November 14, 1967: Patent # 3,353,115 is issued to Theodore Maiman. He was born in 1927 in Los Angeles, California. His father was an electrical engineer and inventor. Ted helped his father with experimentation in their home laboratory after the family moved to Denver, Colorado. By the time he was a teenager, he was earning money by fixing electrical appliances and radios. After high school, Maiman was employed by the National Union Radio Company at the age of 17. He served in the US Navy during World War II and then earned his undergrad degree in Engineering Physics from the University of Colorado. He went on to Stanford University and received both his masters and PhD degrees from there.

Maiman’s doctoral thesis involved microwave-optical measurements of fine structural splittings in excited helium atoms and was achieved under the direction of Willis Lamb, a Nobel Laureate in Physics, awarded in 1955. While conducting research, Maiman also devised laboratory instrumentation for Lamb’s experiments. Maiman’s thesis experimentation was instrumental in his development of the laser, which is what the patent awarded on this day was for.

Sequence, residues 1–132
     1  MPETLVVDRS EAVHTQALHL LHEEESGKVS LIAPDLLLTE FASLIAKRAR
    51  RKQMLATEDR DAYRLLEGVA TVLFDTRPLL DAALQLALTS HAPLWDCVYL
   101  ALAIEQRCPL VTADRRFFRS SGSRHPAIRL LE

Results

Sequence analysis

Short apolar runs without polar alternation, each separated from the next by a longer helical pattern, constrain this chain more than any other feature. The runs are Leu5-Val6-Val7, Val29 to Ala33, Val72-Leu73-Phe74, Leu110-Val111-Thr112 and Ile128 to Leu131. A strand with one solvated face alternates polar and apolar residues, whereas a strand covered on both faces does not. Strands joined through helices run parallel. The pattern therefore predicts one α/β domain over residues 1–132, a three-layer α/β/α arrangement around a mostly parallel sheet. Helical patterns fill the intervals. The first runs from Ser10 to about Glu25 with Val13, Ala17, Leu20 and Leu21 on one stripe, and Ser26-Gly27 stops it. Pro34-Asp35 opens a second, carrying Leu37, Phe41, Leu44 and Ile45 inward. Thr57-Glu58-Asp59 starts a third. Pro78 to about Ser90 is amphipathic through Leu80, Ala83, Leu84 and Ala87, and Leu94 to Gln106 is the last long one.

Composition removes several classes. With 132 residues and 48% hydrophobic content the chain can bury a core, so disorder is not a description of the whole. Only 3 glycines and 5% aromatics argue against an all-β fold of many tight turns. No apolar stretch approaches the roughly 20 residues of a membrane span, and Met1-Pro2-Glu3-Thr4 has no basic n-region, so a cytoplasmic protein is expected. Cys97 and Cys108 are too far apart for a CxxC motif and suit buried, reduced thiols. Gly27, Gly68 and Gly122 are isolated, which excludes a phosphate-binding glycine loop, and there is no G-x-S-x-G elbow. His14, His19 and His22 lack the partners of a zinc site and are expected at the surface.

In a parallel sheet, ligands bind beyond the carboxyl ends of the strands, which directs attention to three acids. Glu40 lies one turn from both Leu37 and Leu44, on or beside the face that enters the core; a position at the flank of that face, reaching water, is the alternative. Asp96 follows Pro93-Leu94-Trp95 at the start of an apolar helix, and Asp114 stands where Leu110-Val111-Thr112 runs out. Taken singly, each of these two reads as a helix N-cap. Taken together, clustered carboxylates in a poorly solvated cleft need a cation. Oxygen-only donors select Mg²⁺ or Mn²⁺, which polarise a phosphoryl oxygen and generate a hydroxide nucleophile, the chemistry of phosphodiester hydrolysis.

In 1956, Maiman began working at the Atomic Physics Department of the Hughes Aircraft Company (later HRL Laboratories) where he led the ruby maser redesign project for the US Army Signal Corps. He was able to reduce it from a 2.5-ton cryogenic device to four pounds and still improve performance. Because of his success in this venture, he was able to convince management to use company funds for research into his laser project. On a total budget of $50,000 he was able to design a laser using a synthetic ruby crystal. He was able to demonstrate this first laser (which other scientists had refused to believe would work) on May 16, 1960. He submitted this for patent and finally received that patent on this day.